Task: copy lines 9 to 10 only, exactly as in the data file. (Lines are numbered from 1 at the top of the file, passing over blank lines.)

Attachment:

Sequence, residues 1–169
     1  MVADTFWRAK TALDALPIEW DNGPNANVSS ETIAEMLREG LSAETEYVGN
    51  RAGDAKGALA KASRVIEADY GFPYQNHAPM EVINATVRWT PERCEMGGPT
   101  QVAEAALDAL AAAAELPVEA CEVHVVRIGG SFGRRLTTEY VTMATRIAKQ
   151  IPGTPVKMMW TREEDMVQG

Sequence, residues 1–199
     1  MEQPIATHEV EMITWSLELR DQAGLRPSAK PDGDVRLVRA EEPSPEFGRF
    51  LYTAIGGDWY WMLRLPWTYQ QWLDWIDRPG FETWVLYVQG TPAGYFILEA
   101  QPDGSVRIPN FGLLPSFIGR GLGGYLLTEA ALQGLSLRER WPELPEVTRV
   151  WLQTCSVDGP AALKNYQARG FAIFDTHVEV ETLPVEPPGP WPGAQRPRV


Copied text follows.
   101  QPDGSVRIPN FGLLPSFIGR GLGGYLLTEA ALQGLSLRER WPELPEVTRV
   151  WLQTCSVDGP AALKNYQARG FAIFDTHVEV ETLPVEPPGP WPGAQRPRV